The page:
Students at Writtle University College (WUC) in Essex are leading the way with a new approach to regenerative agriculture.
Two fields on WUC's countryside estate will be dedicated to researching practices that increase biodiversity and soil health.
The work is supported by the Essex National Farmers' Union (NFU) Charitable Trust, and aims to qualify sustainable farming approaches in the UK.
WUC aims to produce a cost-effective model that optimises resource management using mixed farming regenerative principles.
Dr Anya Perera, WUC's Head of School for Sustainable Environments and Design, said: "Sustainable and restorative methods of growing and farming are more important than ever. Our new, student-led project will be a source of vital research for future agri-food professionals. Thank you to the NFU and our partner organisations for supporting our vision."
Writtle University College has been pioneering land-based education since 1893. In 2020, it became the first UK institution to offer a degree in regenerative agriculture. The project aligns with WUC's ongoing commitment to sustainable food production and its focus on practical, sector-relevant learning opportunities.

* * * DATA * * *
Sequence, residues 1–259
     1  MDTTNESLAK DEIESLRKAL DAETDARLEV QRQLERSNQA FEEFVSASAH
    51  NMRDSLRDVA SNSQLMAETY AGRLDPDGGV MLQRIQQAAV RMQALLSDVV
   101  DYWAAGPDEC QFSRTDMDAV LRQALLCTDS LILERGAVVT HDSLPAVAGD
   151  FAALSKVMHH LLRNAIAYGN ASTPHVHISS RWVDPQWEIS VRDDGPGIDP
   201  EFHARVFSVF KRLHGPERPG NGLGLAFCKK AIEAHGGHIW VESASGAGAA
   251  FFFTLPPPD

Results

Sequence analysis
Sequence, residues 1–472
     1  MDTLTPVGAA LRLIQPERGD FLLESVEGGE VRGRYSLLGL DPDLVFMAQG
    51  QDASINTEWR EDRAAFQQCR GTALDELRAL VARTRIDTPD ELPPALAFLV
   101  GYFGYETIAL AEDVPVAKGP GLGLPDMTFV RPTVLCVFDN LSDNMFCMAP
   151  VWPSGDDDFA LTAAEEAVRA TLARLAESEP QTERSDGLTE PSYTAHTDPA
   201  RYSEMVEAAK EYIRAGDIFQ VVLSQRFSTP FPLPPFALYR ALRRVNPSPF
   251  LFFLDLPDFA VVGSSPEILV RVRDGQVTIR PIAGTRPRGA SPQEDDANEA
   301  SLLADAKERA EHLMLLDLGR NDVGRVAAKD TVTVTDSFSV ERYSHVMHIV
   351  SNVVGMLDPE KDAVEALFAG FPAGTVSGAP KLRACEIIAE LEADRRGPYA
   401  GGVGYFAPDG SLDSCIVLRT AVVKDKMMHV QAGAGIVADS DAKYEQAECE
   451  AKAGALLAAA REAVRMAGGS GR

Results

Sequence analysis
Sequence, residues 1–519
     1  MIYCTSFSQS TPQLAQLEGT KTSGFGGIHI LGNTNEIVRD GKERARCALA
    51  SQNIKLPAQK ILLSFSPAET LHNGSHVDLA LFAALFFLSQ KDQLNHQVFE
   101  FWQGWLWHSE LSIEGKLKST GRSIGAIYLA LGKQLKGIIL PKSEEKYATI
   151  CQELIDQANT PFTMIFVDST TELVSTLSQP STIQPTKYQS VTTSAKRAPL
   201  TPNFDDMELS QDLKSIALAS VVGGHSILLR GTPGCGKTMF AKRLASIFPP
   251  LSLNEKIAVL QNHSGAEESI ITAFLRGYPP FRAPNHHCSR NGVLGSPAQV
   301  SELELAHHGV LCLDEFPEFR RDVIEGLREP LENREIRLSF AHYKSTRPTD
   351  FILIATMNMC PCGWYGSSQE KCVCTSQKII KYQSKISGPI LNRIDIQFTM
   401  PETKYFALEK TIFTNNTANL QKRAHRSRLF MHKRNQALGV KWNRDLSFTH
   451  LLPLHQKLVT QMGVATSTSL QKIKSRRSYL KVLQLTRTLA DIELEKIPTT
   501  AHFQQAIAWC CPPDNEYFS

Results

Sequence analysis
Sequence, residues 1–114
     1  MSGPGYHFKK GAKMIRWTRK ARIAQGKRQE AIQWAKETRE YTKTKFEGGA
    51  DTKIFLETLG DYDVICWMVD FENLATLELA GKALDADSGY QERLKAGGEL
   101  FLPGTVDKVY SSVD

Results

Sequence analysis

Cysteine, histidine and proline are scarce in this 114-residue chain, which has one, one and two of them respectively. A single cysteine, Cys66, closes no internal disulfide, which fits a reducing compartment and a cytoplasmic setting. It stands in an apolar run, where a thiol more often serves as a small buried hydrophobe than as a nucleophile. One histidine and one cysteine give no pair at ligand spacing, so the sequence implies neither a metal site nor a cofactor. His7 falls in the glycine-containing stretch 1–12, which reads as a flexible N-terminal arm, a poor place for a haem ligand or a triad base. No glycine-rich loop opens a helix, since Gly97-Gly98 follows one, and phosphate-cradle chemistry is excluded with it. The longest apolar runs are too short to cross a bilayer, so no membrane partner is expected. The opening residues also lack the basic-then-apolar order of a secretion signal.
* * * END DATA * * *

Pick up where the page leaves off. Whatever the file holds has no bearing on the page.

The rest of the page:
The first stage of planting will take place in December 2021. WUC’s student-run Gaia Society successfully arranged a generous donation of more than 700 trees from the 'I Dig Trees' campaign.
Society President, Petar Popara, said: "We're delighted to be supporting the project. The Gaia Club is dedicated to making WUC's estate greener and more sustainable. The trees will be a major contribution to carbon sequestration and increased biodiversity."
Work on the project will continue throughout 2022 with cash crops specifically chosen to enhance soil, recover and promote biodiversity and mitigate impacts of climate change.
To follow the project's progress, visit writtle.ac.uk/agriculture.